What is it?

This is a simple information exchange for beginner level learners. Because the exchange includes ample visual aides (pictures), the cognitive demand is easier for the language learner and anxiety about taking part in an online exchange may be lessened.


Paired classes in different countries ‘ depict’ objects in their classrooms through the use of pictures and simple descriptions. The photos and ‘ clues’ go from abstract to more specific. The other class has to guess what the object is. Target language use depends on the language level but can range from simple descriptions (e.g. It is usually in the corner) to passive voice (e.g. It is used for … ). Question and short answers are also targeted (e.g. Is it … ?, Yes, it is, no it isn’ t). Specific vocabulary is also used (e.g. colors, classroom lexicon).

Action Required!

This task is part of a larger task sequence aimed at exploring cross-disciplinary subjects of social sciences, language and intercultural awareness.


In this activity, students are expected to not only demonstrate that they have assimilated new knowledge, they are asked ‘ to do something with it’ . Working in virtual teams, the students are responsible for creating a plan of action that addresses a social and/or cultural issue.

What’s in a fairy tale?

This task is part of a larger task sequence aimed at exploring cross-disciplinary subjects of social sciences, language and intercultural awareness.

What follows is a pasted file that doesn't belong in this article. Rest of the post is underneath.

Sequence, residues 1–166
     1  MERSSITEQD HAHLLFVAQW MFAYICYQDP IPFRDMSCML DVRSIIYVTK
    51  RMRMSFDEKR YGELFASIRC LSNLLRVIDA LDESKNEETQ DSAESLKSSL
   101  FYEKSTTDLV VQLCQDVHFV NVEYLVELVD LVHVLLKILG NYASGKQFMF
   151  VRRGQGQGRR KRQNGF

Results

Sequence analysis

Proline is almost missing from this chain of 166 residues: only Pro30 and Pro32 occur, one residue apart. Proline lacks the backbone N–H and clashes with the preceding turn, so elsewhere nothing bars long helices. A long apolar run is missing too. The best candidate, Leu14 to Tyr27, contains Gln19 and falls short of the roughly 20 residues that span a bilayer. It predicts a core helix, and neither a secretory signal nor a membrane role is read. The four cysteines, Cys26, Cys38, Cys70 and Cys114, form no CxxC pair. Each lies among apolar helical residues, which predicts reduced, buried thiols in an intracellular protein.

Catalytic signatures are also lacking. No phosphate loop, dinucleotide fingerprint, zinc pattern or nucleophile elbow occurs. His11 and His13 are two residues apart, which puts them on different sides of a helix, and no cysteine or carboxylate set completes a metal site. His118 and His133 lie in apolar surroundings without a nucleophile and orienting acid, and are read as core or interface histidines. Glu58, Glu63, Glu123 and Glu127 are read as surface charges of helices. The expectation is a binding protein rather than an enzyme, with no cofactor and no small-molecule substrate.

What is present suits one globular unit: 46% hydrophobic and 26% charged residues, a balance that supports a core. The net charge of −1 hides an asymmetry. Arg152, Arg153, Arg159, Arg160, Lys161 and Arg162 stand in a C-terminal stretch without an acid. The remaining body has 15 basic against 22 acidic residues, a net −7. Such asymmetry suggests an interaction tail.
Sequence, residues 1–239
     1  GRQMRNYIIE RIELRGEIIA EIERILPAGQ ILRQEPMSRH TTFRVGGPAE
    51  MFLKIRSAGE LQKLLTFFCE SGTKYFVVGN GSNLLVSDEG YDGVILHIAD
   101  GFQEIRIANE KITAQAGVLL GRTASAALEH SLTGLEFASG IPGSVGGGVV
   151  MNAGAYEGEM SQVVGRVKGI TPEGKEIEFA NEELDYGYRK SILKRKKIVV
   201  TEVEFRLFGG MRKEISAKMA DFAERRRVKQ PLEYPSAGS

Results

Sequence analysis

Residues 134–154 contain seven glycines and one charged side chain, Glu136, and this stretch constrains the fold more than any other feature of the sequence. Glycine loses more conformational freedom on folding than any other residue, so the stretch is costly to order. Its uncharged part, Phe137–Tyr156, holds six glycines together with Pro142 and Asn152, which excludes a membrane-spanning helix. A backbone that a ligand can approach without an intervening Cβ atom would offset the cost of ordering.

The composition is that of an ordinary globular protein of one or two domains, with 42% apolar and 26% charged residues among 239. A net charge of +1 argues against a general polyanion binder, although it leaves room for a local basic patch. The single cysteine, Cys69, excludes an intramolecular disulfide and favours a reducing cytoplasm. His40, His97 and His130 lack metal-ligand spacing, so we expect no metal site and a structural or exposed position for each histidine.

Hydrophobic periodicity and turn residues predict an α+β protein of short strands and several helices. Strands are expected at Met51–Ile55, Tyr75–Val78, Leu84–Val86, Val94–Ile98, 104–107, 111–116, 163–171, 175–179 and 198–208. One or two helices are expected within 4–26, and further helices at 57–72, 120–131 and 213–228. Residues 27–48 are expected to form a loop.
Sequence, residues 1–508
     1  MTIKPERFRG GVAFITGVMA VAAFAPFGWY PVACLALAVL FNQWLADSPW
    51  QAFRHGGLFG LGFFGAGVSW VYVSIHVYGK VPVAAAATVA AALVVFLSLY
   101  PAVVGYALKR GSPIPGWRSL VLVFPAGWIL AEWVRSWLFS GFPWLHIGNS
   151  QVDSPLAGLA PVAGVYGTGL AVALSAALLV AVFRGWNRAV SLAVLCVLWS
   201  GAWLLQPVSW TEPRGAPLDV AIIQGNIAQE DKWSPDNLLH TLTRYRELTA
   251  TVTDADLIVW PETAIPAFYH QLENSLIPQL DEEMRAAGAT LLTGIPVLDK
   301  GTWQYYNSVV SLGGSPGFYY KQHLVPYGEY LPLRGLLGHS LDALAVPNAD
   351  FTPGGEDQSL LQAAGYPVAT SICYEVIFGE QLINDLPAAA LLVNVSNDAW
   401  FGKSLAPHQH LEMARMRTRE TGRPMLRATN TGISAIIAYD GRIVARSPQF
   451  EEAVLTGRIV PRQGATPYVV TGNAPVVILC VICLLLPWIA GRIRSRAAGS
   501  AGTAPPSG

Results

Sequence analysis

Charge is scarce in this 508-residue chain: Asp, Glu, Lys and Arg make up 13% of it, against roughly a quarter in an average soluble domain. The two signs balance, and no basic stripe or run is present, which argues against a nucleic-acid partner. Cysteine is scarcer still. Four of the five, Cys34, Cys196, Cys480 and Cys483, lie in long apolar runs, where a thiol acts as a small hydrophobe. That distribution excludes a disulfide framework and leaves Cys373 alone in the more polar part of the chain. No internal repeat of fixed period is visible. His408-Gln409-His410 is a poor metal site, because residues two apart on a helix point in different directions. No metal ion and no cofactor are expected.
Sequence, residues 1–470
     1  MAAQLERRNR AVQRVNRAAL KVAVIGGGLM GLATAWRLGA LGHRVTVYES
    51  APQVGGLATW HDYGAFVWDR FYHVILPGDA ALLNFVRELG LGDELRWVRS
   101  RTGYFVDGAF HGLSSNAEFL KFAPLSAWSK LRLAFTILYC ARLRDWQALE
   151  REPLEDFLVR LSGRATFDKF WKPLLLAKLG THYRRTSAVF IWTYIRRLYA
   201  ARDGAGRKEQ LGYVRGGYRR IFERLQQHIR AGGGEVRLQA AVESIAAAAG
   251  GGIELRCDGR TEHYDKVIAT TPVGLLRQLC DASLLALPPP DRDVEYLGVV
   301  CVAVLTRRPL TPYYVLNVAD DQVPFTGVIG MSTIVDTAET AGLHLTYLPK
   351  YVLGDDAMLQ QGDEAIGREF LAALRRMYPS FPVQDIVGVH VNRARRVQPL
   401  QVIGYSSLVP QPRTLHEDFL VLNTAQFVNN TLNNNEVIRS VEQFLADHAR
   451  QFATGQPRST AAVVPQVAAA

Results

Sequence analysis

Students are given different texts to analyse in small online teams. The texts can be textbooks, children’ s stories, newspapers, ads. The aim of this s task is to encourage students to actively work towards critical awareness of social issues. To help achieve this, students analyse the different ways in which notions of citizenship are socially manipulated (e.g. fairy tales for small children that promote national identities, etc.). The students are asked to try to take on ‘ contrastive’ views by responding to the texts in ‘ roles’ .

We are all newcomers

This task sequence is designed for average to high level language learners (B2 minimum) studying cross-curricular social sciences and languages, with a focus on intercultural aspects of society. It aims to help students debunk myths and stereo-types associated with citizenship rights and immigration. The project helps students compare and contrast the immigration process in different countries and to come to an understanding of what it means to ‘ become a citizen’ (versus being born into ‘ full’ citizenship rights). It begins with a frame-work made up of different levels of learning. At this stage, the students have already worked together on small tasks and know each other (see task database for ideas on getting to know each other if students are new to the exchange).


Level 1 –
information gathering

Level 2 –
looking at the perspectives of the ‘ other’

Level 3 –
acting on this new knowledge and understanding for social action





How to become a citizen

This task is part of a larger task sequence aimed at exploring cross-disciplinary subjects of social sciences, language and intercultural awareness.


Information Gathering:


Students in different countries are required to explore policies and practices involved in becoming a citizen (from non-national resident status, not &#39 birthright&#39 citizen) and contribute to the general knowledge-building of the collaborating classes concerning these processes. Students are required to use ‘ social science research approaches’ in order to discover who are the non-nationals coming to their country what are their reasons for coming and what is the process they go through to become legalized residents.